Ted Valmont met the discomfited gaze of the man at the head of the table. Middle-aged with a deep tan and a beak-like nose, his thinning hair had probably been both dyed and permed. He had a gold watch, a gold bracelet and a gold pinkie ring with a black onyx stone.

"Sorry I'm late," said Ted Valmont with the air of someone trying to smooth over an awkward moment. "I guess I just need a faster car."

The man at the head of the table snorted and stood up to shake hands. Ted Valmont gripped his hand firmly, kiddingly referred to him as "Chuck DeMarco, CEO Extraordinaire" and moved around the room to greet the others. Coming at the end to a young man with soft pink skin and a protruding forehead, he said, "I'm afraid we haven't met."

"Alan Farr," said the man, proffering a hand with long, curiously jointed fingers. "I'm a senior engineer in product development."

"Very good," said Ted Valmont. "I'm eager to hear how work on the stimulator is going."

Farr looked over at DeMarco, and then back at Ted Valmont.

"We thought we'd start with Alan's presentation," said DeMarco, "and then move to a discussion of the next round of funding."

"And here I thought you liked me for reasons other than money."

"Oh, we do, Ted, we do. But it's the whole Valmont package that we admire. It would be so hard to isolate one element from the others."

"Right," said Ted Valmont, leavening the word with irony. "What about Warren, then? Is he joining us?"

A flicker of annoyance crossed DeMarco's face. "No," he said. "I'm afraid Dr. Niebuhr couldn't be with us today. That's why we asked Alan to attend. He's prepared to give a full report on product development and answer any questions you might have."

Ted Valmont looked across the table to Farr, and watched as the engineer broke eye contact and stared down at his lap.

"I see," said Ted Valmont. "Is there any particular reason why Warren couldn't make it? This does seem like an important meeting."

DeMarco's voice took on an edge as he replied. "Warren's off at another of his conferences. Not the best timing--I agree--but CEO's and CTO's sometimes do not see the world in quite the same way. I guess this is one of those occasions. Now, shall we get started? We've got a lot of ground to cover."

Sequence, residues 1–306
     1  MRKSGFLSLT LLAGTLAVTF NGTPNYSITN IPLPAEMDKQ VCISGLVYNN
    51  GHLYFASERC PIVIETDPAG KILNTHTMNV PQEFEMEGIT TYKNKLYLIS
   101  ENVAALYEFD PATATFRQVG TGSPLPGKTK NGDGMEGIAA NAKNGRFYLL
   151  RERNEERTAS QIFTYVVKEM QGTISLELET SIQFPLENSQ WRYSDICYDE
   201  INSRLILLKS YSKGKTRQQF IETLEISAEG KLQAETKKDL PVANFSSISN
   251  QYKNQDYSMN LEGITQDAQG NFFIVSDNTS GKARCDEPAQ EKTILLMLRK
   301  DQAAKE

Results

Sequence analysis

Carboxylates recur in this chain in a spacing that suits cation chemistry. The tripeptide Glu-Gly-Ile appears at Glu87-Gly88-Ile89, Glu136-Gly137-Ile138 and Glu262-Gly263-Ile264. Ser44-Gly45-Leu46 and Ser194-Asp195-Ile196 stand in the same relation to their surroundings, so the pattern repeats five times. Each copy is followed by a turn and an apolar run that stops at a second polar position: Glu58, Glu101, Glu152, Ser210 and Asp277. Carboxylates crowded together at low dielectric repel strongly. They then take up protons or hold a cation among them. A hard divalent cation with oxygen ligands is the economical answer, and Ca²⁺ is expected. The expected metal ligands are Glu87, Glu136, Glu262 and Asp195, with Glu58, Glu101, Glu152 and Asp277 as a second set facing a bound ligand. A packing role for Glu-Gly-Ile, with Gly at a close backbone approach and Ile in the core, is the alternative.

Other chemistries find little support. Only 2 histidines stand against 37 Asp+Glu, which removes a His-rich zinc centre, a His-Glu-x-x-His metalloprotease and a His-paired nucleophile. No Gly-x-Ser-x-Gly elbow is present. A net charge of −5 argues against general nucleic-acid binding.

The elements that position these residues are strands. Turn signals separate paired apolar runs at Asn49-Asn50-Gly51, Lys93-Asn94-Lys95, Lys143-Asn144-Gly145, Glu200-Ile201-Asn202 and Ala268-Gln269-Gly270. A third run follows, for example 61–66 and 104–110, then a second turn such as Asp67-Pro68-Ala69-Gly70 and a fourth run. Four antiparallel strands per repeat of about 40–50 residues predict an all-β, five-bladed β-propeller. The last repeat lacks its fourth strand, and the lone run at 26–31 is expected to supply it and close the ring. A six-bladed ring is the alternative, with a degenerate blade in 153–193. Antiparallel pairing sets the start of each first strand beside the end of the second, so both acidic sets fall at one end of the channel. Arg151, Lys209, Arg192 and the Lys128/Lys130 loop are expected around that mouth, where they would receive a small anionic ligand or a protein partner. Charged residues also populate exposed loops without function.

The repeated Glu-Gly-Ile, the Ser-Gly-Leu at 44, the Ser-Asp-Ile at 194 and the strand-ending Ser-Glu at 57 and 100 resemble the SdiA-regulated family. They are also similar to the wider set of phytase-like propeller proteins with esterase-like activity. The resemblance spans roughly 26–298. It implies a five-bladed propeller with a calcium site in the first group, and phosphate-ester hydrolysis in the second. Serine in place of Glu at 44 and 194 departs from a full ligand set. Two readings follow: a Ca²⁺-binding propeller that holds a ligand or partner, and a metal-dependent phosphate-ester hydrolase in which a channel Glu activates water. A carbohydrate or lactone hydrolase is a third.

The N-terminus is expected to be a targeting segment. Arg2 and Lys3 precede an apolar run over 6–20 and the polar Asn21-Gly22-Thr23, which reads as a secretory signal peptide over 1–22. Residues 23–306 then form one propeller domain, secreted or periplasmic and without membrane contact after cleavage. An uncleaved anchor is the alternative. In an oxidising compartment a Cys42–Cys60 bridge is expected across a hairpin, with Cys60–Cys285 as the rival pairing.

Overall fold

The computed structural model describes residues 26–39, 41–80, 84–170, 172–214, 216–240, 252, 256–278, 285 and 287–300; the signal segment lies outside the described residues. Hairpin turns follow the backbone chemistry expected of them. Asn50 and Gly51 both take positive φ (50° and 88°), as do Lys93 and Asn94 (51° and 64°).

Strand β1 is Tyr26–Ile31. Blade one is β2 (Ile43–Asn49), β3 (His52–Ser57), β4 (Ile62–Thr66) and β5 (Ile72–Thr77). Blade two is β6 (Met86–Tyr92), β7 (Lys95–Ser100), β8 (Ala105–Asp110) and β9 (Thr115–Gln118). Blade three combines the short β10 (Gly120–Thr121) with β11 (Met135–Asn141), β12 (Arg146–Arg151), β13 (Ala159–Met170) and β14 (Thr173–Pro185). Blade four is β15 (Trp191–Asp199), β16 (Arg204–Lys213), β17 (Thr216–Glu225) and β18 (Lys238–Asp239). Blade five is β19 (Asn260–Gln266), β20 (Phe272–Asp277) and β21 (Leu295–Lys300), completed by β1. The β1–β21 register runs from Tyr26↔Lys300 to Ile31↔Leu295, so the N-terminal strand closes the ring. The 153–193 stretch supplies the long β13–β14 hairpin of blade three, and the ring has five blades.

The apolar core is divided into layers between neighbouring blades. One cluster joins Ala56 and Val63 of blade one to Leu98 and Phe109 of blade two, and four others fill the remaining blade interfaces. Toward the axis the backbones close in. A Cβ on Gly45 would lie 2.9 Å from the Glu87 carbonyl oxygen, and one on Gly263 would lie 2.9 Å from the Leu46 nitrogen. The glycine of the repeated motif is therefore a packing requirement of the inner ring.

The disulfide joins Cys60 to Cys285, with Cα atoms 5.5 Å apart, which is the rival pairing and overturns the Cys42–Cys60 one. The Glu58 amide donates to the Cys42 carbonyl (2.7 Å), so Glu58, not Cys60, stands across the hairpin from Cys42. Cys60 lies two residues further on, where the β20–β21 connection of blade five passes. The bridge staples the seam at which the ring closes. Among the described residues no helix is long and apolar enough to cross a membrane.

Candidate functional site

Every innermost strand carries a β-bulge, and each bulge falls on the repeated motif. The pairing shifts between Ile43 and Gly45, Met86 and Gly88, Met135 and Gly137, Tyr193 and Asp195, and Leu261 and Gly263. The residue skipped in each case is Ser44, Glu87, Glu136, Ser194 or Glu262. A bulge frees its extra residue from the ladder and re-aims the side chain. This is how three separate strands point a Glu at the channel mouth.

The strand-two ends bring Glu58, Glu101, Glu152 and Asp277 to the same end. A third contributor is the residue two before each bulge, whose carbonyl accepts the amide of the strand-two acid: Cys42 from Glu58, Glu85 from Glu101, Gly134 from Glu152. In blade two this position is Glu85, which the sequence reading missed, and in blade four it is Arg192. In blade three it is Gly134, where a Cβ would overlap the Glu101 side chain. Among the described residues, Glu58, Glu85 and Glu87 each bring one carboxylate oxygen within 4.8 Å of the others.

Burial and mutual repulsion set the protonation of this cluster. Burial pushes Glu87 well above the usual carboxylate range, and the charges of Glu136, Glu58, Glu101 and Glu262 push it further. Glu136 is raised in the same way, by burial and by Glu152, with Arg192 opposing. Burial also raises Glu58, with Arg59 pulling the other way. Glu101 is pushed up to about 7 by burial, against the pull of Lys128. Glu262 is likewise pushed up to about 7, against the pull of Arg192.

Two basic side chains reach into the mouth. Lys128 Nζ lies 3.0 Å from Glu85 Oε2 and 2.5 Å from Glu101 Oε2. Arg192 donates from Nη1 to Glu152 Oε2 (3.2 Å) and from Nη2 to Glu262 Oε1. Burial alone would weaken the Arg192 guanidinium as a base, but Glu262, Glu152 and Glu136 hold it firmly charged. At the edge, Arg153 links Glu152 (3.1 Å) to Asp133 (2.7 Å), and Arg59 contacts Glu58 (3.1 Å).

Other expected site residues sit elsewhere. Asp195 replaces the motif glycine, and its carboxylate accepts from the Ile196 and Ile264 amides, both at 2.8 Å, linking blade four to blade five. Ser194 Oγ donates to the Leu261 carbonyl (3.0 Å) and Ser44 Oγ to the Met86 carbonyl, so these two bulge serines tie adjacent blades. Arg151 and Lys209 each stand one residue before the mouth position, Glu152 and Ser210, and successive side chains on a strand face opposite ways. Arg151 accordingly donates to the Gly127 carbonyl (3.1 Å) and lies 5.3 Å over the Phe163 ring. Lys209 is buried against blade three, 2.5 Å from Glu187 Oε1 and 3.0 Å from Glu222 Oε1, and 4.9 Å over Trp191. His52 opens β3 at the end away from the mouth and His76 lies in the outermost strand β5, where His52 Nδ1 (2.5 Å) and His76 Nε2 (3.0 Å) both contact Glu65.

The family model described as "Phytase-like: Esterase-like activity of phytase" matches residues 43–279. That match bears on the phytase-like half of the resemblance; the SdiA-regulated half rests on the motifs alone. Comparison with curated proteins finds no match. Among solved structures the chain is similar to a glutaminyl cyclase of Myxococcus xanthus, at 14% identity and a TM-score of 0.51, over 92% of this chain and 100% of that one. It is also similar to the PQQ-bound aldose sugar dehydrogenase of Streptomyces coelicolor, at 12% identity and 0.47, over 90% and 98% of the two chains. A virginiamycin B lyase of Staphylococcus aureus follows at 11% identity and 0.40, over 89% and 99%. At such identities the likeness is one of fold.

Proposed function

"Sure," said Ted Valmont, lingering over the word. "Let's do it."

DeMarco motioned Farr to the other end of the table where a VCR with a multimedia projector stood ready. Farr bent down to fiddle with some switches and then stepped back and wiped his palms on the front of his shirt. He said: "What you're going to see now is a demonstration of recent work with laboratory animals. The animal on the tape--a rabbit in this case--had its spinal cord severed at the 12th vertebrae, resulting in loss of motor function in the hind legs and tail. The latest version of the stimulator was then implanted, which in this configuration consists of a receiver placed under the skin with wires leading to electrodes that stimulate selected nerve roots just below the break in the spine. Power and control signals are fed to the stimulator using radio frequency induction.

"By replicating motor signals sent by the brain in normal rabbits, we were able to re-create a considerable range of motion in the paralyzed animal." Farr gave a limp smile. "The tape shows this to good effect." Farr lowered the lights in the conference room and then pressed the play button on the VCR. The image projected on the screen was starkly lit. It showed a gray rabbit lying on its side on a padded board. Held firmly in place by leather restraints, the fur on its back was shaved and a long scar was visible along the crest of its spine. Although the rabbit blinked and twitched its ears, its front legs were held motionless by the restraints and its hind legs appeared to have no life.

The room was suddenly very quiet. Ted Valmont leaned back in his chair and rubbed the pit of his stomach with a pained expression on his face.

Farr cleared his throat. "Now we'll see the results of a series of remote commands transmitted to the stimulator receiver from a master console. As the captions on the screen will indicate, the rabbit will be sent commands to perform the following movements in sequence: tail wag, left leg kick, right leg kick, and finally, simultaneous left and right leg kick."

Ted Valmont frowned in the dark. He watched as a caption flashed in a corner of the screen: "Tail Wag." The rabbit obliged by moving its tail to and fro with unnatural slowness--like the pendulum on a tired metronome. The caption for the left leg movement appeared, and the rabbit kicked the appointed leg in a spasmodic jerk. As a pair of hands appeared in the frame and began to unstrap the rabbit, Farr brought up the conference room lights and pushed the stop button on the VCR.

He looked down at the table, avoiding eye contact. "As you can see, the tape shows the tremendous progress we've made in replicating movements," he said dully. "But not so obvious are the other important advances that have been made with the technology. The size of the receiver, for example, has been considerably reduced, as well as the amount of power it draws."

Ted Valmont shifted in his chair. "Excuse me," he said. "I don't know about the receiver size and its power consumption--I'll take your word for that. But I do know about the rest of it. Warren Niebuhr had paralyzed animals standing on their own power with limited mobility nearly 18 months ago. This seems like definite a step backwards."

The pink color drained from Farr's face. The long fingers of one hand waved frantically like the legs of a crushed spider.